Young described one of these view points: “There are people who think that in saying that women need to lean in more and claim their place at the table that you are blaming them.”
Sandberg argued that her message had no such intention and that encouraging women to take control of their destinies ultimately empowers them to no longer depend on a huge shift in social attitudes to occur before they can make a difference.
Following the interview an audience member raised another point of controversy when she noted that many of her otherwise like-minded colleagues cannot relate to the “Lean in” message because of additional struggles women of different socioeconomic, resources, opportunities, and ethnic origins face.
The question prompted me to consider the situation from the following perspective: “How much can working class women of color truly benefit from advice given by a billionaire COO with two Harvard degrees?”
Sandberg handled these tough questions with considerable grace. Thankfully, she did not attempt to argue against the fact that she was incredibly privileged.
“I don’t think that I can address every issue and it would be dishonest for me to try. I’m lucky and I know that. But what can I do with that luck? Do I not have some responsibility to make a difference with the resources and position I have?”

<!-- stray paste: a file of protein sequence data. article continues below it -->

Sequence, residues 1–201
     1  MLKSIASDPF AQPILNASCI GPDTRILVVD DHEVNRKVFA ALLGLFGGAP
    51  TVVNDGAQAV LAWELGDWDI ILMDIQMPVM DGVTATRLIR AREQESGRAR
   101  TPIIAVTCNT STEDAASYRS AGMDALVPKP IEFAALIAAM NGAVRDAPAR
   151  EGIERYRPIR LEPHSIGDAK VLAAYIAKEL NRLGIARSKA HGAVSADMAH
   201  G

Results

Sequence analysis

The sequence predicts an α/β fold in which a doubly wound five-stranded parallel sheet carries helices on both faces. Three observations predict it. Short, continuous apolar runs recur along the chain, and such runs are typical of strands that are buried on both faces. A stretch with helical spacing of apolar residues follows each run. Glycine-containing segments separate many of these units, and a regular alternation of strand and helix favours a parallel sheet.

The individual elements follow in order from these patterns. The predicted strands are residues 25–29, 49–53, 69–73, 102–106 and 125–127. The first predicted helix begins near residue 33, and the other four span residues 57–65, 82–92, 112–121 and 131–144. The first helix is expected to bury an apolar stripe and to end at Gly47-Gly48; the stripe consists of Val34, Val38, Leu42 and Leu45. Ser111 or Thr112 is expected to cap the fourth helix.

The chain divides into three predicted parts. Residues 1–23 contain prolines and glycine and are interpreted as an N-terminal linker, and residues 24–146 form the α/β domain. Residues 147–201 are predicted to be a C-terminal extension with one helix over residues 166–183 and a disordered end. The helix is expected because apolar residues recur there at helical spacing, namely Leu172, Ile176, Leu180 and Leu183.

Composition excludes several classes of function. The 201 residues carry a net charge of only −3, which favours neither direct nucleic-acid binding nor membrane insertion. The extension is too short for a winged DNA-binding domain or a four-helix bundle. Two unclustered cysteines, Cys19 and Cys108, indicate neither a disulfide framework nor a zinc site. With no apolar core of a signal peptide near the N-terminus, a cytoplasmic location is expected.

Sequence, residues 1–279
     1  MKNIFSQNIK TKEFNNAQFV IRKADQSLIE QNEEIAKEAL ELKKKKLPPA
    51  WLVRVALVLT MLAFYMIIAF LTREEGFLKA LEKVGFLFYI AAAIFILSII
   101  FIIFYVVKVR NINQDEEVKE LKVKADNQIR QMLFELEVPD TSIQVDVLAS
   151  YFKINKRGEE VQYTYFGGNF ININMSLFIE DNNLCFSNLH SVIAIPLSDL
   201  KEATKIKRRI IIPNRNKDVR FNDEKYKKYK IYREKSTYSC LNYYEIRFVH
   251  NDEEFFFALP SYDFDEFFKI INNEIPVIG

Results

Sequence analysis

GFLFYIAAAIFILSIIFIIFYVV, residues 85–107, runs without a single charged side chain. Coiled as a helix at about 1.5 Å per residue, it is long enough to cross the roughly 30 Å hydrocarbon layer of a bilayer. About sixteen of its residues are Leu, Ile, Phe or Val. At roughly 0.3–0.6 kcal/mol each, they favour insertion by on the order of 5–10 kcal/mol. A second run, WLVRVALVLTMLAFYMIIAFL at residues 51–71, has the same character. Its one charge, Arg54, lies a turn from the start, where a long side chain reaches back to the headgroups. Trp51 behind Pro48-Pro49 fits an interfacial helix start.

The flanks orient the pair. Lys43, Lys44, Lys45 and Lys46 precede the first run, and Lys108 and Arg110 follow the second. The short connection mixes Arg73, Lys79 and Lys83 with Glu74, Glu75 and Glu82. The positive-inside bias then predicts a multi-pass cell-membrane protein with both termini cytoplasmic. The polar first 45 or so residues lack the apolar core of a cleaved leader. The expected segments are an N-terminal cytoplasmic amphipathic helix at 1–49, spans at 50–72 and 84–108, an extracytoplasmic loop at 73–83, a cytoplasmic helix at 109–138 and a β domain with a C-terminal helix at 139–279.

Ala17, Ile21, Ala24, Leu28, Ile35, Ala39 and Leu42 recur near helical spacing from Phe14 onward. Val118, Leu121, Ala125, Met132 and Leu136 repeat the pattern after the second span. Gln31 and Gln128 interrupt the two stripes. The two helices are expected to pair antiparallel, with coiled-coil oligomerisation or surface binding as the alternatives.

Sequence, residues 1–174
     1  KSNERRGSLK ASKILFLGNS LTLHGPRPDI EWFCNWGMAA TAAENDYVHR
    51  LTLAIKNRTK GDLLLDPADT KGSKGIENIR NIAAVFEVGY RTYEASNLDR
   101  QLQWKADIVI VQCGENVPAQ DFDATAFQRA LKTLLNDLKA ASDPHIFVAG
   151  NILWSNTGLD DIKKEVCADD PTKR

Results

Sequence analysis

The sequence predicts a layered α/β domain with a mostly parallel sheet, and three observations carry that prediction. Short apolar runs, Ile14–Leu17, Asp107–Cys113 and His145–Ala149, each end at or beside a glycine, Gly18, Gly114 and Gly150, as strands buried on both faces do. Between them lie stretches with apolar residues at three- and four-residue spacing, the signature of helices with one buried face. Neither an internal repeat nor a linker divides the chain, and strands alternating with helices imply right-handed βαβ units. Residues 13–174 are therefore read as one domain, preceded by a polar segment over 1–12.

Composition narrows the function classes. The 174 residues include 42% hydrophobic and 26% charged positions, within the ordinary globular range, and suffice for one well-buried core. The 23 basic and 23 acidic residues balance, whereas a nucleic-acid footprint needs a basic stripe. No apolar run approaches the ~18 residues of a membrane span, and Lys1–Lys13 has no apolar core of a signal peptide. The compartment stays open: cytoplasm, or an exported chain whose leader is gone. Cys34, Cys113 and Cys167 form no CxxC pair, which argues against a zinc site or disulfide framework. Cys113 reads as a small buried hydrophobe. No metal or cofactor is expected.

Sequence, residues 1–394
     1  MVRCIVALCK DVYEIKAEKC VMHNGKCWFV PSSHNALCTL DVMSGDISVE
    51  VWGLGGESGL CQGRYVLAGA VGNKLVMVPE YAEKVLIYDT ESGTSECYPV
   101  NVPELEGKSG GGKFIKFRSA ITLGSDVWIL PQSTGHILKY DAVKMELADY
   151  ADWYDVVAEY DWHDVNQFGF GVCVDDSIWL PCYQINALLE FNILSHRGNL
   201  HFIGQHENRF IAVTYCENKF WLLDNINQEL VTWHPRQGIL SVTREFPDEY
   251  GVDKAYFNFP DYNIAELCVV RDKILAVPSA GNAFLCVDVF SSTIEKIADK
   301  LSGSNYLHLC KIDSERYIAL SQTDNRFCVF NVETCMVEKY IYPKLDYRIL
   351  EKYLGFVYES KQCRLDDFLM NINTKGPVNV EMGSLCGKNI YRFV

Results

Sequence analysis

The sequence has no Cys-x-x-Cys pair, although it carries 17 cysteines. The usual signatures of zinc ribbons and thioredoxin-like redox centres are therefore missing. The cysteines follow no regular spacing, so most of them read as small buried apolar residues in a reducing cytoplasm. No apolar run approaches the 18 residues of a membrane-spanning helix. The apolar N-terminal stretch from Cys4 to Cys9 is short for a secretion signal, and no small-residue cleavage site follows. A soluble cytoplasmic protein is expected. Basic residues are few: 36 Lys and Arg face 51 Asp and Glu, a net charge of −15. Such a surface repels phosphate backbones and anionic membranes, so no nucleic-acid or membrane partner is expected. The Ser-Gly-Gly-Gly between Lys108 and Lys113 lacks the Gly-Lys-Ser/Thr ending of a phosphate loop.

She added that the many arguments she raised in her book could easily apply to any group that has faced historic oppression and has not been empowered yet.
Nevertheless, this criticism is valid. It is indeed an oversimplification that “leaning in” will work for all women equally. Sandberg’s message is, in many ways, reminiscent of “second-wave” feminist rhetoric that did not fully take the intersectionality of race, ability, gender identity and sexual orientation into consideration.
It’s refreshing to see someone with of that position and influence proudly identify as a feminist. On the long run, however, Sandberg’s message, like the greater feminist movement, must “lean in” towards greater inclusivity to truly lead in equality.
By Samantha Wong, Staff Writer
With one glance, Match Public Charter High School seems to be an everyday high school: teenagers filtering in and out of the school for lunch and later crowding the T when five o’clock rolls around. What is not initially recognized is the hard work that is put into the school from both the students and faculty.
Teaching is often thought of as a thankless job. Teachers do hours of prep work before classes in addition to the typical school hours they work. More often than not, teachers are thinking of the progress and well-being of their students long after they leave the classroom.
The students have just as much impact on the teacher’s learning experience as the teacher influences the students’ work.
Match Education, the organization behind Match Corps and Match Public Charter High School, is responsible not solely for fostering a love of education, but also responsible for the brainchild that is their fellowship-teaching program.